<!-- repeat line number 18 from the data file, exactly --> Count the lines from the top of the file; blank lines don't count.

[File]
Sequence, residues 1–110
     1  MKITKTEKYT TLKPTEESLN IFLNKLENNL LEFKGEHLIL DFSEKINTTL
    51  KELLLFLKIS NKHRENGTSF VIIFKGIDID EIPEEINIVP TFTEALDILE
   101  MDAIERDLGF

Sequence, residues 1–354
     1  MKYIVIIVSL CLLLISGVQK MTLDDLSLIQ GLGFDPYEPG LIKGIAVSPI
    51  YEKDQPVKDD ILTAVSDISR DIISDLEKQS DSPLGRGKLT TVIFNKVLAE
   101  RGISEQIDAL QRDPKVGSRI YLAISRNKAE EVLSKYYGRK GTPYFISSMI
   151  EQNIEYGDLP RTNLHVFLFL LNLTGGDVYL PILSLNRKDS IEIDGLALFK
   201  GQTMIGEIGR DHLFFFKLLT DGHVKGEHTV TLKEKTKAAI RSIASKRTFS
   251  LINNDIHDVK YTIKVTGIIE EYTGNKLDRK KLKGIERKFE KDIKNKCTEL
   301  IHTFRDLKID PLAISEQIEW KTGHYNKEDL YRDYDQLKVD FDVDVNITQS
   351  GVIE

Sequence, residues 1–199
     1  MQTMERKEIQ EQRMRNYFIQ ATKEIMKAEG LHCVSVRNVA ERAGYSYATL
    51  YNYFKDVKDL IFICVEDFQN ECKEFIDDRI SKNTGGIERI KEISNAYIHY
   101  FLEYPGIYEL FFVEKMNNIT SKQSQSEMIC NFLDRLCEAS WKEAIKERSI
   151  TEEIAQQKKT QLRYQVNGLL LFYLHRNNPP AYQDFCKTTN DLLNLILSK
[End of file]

   151  TEEIAQQKKT QLRYQVNGLL LFYLHRNNPP AYQDFCKTTN DLLNLILSK